This was our starting point, the basis for the organic establishment of work habits and relationships. We knew that we had to let things develop naturally, that there would be conflict and misunderstandings, but we wanted everyone to feel safe and at ease to air any worries or problems that might arise.
Guidelines for working in a domestic environment
We had to worry about having suddenly changed to remote work, but we had the particular worry that suddenly everybody was working from home, in some cases fully immersed in a domestic environment, having to take care of kids and their schoolwork, while still working a full time job. Simultaneously. Without any shred of control when one would overstep the other. And we weren’t really sure how long the situation would stay like that.
Moreover, very few members had any kind of experience of keeping a sustainable work routine at home, and the temptations to procrastinate or not stop working were ever present. So, we established a few guidelines for this also, although some were just a different iteration on remote work:
1. Create and respect a routine to start the day, just as if you were going out to go to the office. It becomes easier to work from home, if our behaviour is modelled after the one we would have working out of the home. We should keep our daily rituals and get dressed in something other than our pyjamas. The only advantage of a situation like this should be having our commute reduced to zero and being able to set our alarm for a few hours later.
2. Respect your working hours (in our case, 9 am to 6 pm), by staying available to answer any queries through message, mail or call, during that time.
3. If at any time, or for any reason, you should find you’re going to be unavailable, you should let the rest of the team know. We can adjust and adapt, in true Agile fashion, but only if the information flows freely. We are all aware that you could have to jump from your seat to catch your suddenly flying toddler, but let us know you won’t be there, whenever possible.
4. Do small frequent breaks in your work. Every half hour or so, get up walk around, relax for two or three minutes. When you work at an office, with a team, there’s spontaneous conversations going around, someone will interject and divert your attention, giving you brain some breathing room. Inject that breathing room artificially, stopping for a few minutes, every half an hour.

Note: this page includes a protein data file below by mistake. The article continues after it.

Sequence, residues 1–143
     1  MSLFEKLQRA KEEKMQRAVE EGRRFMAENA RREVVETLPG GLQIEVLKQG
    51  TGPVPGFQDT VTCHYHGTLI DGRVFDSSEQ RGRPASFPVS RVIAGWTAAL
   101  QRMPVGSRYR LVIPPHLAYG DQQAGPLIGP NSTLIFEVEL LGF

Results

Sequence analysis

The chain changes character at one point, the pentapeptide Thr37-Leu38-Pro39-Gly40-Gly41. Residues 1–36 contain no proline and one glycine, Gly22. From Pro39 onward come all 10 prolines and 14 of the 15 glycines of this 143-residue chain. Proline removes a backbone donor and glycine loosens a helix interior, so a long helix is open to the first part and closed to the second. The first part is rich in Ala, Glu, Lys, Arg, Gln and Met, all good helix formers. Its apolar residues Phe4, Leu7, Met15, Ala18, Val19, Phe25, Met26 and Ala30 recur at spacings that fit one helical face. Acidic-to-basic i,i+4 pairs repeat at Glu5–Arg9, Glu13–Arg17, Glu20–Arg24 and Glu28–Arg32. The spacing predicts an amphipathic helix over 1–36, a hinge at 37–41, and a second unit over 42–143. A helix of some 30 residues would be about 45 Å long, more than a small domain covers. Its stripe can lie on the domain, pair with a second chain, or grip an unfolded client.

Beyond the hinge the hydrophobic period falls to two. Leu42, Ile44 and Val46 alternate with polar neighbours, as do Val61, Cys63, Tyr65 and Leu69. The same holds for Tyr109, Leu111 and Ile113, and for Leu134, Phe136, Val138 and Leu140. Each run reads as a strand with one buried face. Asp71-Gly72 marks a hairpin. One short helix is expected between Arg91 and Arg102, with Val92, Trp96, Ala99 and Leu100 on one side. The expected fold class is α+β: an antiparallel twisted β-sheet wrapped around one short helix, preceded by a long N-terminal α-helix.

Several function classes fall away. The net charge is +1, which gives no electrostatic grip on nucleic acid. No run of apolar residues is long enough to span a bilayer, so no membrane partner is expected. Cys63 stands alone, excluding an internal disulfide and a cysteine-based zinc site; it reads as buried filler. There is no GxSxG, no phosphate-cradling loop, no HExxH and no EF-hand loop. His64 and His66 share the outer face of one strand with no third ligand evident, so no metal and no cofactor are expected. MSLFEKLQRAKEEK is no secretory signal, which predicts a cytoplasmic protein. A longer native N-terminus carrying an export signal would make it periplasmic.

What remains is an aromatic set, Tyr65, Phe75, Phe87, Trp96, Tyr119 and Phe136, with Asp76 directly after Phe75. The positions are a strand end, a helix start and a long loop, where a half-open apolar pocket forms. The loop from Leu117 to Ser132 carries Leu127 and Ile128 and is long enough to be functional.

5. Take one longer break in the morning period and another in the afternoon, for ten to fifteen minutes. Drink some coffee, some tea, a glass of water. Take a look out the window, go on Facebook, whatever, just take a break.
6. Stop for lunch, for at least half an hour. When working from home, especially if you’re alone, there’s a temptation to take your lunch at your desk. Don’t. Give yourself some time to enjoy your food, to get in touch with friends and loved ones, to do some window shopping online, just like you would in out-of-the-house work scenario.
7. Ask for help, and be available to render help, anytime you feel or perceive difficulties. The only way to overcome this incredibly difficult period is to work together and support each other, and this is no empty cliché. Create tolerance and overwhelming respect for all your colleagues. We are all battling enormous odds and handling crisis on a daily basis.
This is where we started. The expectation was that calendars wouldn’t be met, that productivity would take time to reach an acceptable level, that it would take time and a lot of adaptation to really get things going. After all, there was a lot of learning to be done for all team members, a lot of things would have to be met with consensus, and there was a terrible external context wreaking havoc with everybody’s plans and expectations. Why should we be any different?
The fact is, the first week went without a hitch. Every single learning session was ready, every single interruption was dealt with gracefully, every single decision was taken and implemented (including last minute computer purchases), and it seemed that we would be better off than expected. The team was highly motivated and keen to succeed, and everybody was ready to accommodate everybody else. Were we going to make it? To be continued…